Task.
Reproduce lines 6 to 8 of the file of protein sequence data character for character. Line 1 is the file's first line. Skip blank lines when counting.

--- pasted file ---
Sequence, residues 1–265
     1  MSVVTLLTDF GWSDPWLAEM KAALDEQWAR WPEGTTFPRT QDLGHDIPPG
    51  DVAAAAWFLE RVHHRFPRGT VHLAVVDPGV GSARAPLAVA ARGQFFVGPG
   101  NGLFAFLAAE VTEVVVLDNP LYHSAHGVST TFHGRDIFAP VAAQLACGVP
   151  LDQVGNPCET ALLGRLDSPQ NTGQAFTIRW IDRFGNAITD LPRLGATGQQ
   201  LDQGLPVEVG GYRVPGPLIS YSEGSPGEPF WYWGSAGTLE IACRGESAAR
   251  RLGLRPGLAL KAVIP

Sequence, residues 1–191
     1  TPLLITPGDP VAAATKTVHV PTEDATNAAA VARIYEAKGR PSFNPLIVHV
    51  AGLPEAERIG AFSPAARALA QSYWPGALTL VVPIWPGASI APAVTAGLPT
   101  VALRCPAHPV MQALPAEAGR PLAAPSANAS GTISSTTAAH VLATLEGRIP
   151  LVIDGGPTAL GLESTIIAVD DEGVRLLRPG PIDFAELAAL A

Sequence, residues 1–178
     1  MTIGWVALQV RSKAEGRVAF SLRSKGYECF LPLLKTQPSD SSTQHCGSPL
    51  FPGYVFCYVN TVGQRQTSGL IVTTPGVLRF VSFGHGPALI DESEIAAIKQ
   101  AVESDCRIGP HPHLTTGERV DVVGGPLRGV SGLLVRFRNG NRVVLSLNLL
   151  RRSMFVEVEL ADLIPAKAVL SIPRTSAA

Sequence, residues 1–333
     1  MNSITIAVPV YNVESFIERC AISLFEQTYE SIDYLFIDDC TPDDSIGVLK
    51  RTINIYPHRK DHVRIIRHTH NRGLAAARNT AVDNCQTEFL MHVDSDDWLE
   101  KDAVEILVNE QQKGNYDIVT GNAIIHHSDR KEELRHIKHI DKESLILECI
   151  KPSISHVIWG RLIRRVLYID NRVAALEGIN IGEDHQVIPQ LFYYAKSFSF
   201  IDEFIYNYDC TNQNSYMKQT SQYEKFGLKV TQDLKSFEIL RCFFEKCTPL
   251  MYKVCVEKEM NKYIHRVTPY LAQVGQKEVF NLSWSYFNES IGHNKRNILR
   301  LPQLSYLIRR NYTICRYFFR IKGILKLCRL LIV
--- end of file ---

   201  LDQGLPVEVG GYRVPGPLIS YSEGSPGEPF WYWGSAGTLE IACRGESAAR
   251  RLGLRPGLAL KAVIP

Sequence, residues 1–191